A Dietitian’s Pantry Staples

Hey everybody – it’s getting close to finals time at school and my mileage is getting pretty gnarly for Houston Marathon training so here is something I wrote for work. It cracks me up, because it’s so clear to me that I use different voices with the different audiences. I’ve edited this a tad to cut out some of the exclamation points and to bring you a little bit more flair, ifyaknowwhatI’msayin. Enjoy, and I hope you aren’t spending your thanksgiving writing papers like me.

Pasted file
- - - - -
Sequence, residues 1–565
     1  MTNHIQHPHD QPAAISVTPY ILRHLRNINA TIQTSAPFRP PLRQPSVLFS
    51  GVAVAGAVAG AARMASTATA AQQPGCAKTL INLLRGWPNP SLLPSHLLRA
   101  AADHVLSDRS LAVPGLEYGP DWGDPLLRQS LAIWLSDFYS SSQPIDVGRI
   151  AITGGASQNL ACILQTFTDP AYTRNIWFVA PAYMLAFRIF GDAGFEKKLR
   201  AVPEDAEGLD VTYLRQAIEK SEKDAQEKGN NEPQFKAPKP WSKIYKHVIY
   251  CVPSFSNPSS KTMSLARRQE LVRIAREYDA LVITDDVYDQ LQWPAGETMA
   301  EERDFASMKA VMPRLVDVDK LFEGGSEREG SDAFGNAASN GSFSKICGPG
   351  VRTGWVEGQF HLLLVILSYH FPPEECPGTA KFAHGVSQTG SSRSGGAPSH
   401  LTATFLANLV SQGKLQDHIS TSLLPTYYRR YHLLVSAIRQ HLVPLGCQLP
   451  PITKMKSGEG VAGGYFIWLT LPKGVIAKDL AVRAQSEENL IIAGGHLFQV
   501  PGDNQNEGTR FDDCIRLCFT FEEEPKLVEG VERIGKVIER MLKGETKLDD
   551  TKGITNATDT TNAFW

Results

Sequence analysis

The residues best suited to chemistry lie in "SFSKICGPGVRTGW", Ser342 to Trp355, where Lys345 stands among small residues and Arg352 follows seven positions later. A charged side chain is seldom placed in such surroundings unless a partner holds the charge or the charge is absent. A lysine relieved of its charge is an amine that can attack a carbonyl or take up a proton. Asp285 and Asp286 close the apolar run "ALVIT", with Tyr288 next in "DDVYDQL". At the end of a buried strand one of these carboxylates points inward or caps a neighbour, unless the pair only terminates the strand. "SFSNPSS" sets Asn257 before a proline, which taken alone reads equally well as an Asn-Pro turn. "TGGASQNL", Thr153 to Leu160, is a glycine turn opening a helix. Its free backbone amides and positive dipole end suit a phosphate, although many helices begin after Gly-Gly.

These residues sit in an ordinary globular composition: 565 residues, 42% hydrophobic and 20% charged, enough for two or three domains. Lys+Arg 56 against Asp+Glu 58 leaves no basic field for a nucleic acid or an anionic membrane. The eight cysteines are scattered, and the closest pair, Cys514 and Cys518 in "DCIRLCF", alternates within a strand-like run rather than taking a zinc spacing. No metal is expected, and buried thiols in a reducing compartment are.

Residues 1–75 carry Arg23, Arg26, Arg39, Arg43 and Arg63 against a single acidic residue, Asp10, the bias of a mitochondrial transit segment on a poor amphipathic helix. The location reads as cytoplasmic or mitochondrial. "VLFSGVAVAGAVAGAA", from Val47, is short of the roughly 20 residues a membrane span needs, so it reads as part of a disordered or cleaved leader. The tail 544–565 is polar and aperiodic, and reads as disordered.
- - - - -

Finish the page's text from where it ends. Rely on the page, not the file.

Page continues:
It’s the time of year when we think about food all the time: epic feasts, fighting through crowds at the grocery store, and donating to food pantries. Keeping a well-stocked pantry can help all three of these causes: the feast will be easy to pull together, you’ll be less likely to need to run out for that one ingredient you forgot, and you’ll be better prepared to donate good, nutritious food to those less fortunate. I would take you on a tour of my own pantry if it wasn’t a complete shit show (what can I say, my thoughts and schedule are organized but my physical belongings are not). In lieu of that tour, please accept the following list, which contains items that I always try to have on hand.